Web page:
Bay Area scientists have developed a new method to test drugs that are likely to be dangerous for pregnant women and cause heart defects in the fetus.
Researchers from UC Berkeley and the Gladstone Institutes, an affiliate of the University of California, San Francisco, grew beating heart tissue from stem cells -- essentially a mini human heart chamber in a dish. Stem cells have the potential to become any type of cell in the human body.
The researchers intend to use the system to screen medications intended for pregnant women to detect whether they will likely do any harm to the fetus. Among the most commonly-reported birth defects involve the heart.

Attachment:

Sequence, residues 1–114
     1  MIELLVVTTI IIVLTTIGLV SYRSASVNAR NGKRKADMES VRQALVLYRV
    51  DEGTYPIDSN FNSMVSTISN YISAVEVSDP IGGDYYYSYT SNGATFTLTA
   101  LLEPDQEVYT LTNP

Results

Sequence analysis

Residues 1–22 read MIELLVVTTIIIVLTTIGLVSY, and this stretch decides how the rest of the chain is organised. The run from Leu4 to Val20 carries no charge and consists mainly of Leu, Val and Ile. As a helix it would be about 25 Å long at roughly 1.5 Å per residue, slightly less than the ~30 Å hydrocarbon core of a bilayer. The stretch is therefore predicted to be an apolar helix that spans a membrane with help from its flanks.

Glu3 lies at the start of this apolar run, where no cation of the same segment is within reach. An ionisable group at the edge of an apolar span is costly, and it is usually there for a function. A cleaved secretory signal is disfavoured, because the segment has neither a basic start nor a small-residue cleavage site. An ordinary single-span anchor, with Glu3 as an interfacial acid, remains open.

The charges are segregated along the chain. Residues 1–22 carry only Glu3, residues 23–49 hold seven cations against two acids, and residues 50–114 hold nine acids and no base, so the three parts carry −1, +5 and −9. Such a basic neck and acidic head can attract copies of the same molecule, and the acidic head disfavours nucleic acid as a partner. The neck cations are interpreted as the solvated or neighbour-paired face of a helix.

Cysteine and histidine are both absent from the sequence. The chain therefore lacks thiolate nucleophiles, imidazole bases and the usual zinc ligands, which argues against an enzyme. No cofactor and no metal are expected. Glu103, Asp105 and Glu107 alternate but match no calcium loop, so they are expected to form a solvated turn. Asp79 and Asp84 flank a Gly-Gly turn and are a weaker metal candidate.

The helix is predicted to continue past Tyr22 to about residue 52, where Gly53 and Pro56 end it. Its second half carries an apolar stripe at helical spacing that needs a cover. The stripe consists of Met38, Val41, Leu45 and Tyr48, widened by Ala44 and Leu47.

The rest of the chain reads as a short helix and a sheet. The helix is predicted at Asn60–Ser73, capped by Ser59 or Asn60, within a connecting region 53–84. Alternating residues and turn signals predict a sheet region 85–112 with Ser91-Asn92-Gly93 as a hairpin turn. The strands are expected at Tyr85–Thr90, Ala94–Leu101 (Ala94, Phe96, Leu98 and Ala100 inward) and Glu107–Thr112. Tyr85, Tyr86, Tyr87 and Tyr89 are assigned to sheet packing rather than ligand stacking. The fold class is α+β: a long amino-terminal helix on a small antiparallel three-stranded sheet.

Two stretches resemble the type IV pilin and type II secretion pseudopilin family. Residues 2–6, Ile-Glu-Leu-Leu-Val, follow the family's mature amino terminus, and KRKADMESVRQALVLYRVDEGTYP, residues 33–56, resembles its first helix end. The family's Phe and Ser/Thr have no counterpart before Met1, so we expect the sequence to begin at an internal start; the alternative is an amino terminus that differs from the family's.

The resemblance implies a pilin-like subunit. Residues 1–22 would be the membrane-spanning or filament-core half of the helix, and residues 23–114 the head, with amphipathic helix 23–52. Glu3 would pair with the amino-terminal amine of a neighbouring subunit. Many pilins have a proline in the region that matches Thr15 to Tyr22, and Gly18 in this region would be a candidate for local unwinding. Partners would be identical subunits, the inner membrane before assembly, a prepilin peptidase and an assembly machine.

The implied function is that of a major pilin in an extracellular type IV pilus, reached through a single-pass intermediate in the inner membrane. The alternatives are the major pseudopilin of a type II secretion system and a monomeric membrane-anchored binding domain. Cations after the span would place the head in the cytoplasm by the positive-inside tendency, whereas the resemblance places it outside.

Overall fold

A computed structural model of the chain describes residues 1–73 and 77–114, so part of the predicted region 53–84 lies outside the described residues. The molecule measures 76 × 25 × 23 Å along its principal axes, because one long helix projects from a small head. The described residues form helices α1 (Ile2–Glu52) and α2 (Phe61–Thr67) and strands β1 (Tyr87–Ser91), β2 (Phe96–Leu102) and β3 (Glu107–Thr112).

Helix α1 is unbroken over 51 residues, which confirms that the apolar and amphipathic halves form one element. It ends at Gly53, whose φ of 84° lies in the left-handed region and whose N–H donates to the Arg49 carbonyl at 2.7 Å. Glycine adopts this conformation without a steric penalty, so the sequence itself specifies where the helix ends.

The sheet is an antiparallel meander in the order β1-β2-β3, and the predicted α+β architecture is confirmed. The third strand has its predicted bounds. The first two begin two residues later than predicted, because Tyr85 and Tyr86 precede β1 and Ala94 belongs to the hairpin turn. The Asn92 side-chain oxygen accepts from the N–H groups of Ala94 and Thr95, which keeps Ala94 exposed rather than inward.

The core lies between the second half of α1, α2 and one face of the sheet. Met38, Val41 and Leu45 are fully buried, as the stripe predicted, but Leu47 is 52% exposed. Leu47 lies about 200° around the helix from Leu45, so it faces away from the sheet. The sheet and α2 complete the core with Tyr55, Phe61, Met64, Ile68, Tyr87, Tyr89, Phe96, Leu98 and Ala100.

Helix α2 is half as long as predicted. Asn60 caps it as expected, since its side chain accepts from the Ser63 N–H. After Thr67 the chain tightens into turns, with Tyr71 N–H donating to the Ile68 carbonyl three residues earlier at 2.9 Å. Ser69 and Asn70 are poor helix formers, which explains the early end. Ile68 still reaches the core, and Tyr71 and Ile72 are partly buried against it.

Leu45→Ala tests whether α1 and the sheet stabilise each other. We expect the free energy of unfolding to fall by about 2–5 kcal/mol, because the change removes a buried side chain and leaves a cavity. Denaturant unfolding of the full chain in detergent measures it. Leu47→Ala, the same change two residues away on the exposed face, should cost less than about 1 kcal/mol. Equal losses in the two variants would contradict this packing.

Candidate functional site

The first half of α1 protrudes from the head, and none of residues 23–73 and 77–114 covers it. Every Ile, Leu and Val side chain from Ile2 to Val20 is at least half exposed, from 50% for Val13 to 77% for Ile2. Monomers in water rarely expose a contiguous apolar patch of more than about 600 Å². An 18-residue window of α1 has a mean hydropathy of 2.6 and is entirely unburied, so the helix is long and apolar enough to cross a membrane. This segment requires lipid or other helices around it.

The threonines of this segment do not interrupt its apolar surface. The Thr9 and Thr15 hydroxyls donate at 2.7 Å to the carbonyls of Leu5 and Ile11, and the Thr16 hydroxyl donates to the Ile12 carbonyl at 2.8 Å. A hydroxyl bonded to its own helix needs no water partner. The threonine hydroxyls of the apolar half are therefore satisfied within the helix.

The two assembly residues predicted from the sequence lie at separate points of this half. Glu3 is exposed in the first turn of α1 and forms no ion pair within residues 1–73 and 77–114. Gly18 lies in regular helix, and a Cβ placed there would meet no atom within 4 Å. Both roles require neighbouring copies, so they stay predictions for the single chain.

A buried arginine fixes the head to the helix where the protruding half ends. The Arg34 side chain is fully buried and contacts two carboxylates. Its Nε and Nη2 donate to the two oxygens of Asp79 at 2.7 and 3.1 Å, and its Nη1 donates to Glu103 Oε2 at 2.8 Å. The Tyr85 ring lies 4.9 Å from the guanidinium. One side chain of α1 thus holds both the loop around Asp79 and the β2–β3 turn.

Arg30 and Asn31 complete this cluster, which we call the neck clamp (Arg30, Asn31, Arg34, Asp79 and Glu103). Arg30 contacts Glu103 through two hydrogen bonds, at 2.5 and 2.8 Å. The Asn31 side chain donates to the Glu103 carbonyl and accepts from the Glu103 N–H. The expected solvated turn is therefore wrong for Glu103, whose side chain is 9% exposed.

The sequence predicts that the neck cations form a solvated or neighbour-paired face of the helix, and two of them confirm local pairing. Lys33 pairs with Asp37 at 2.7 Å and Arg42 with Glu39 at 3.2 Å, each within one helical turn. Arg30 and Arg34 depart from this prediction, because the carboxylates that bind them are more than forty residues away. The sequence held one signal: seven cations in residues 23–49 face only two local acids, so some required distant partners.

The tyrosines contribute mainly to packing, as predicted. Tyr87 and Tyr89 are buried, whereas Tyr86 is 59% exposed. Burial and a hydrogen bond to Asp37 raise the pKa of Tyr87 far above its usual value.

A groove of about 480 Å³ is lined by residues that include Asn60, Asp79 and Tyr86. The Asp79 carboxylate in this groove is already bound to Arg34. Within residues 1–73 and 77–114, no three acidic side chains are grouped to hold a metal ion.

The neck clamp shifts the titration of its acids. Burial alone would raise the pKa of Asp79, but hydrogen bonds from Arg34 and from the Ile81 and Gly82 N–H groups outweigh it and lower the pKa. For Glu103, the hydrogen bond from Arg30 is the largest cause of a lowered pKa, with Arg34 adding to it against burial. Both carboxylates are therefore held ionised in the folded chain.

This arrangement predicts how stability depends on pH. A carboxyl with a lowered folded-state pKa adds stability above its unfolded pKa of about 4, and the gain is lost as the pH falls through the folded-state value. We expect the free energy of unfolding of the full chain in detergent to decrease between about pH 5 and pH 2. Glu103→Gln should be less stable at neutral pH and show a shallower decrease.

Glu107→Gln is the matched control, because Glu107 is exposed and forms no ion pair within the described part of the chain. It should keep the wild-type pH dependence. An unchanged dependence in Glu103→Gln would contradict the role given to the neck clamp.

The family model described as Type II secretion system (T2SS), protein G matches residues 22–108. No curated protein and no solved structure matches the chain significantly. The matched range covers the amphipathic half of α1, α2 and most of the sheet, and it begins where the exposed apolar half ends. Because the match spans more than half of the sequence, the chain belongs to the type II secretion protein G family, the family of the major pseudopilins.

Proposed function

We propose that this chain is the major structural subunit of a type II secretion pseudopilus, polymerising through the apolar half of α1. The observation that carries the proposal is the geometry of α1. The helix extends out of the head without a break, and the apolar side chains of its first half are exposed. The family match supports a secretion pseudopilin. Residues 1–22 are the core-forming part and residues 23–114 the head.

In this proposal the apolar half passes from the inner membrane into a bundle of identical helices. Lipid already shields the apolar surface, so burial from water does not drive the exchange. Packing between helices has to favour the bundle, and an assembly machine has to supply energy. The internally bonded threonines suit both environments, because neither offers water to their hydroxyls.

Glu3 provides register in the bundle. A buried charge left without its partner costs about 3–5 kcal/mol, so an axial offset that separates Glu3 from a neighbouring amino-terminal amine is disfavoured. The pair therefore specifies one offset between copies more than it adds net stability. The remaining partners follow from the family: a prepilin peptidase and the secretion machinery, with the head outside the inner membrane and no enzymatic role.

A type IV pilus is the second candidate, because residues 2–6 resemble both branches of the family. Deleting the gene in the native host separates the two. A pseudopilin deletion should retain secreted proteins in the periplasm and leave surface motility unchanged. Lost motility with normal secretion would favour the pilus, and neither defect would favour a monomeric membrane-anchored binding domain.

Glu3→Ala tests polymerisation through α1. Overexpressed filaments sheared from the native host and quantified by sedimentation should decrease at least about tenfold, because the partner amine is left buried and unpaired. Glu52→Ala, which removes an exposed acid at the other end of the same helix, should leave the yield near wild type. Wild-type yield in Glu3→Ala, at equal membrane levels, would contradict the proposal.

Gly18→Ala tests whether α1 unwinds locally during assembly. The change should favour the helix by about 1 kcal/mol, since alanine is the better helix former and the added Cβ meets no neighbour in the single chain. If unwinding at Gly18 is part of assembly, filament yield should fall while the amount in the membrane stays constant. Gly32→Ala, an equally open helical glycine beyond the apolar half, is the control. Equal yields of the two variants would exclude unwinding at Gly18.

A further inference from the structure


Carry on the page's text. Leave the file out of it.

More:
Birth defects affect three percent of babies born in the United States every year, according to the Centers for Disease Control and Prevention. Birth defects are one of the most common causes of infant deaths.
[Watch the video below for a demo.]
In 2014, scientists in the UK developed a similar model to convert skin cells into beating heart cells in a petri dish. Previously, doctors would have needed to surgically remove heart tissue from patients to test new treatments, which is invasive and not practical.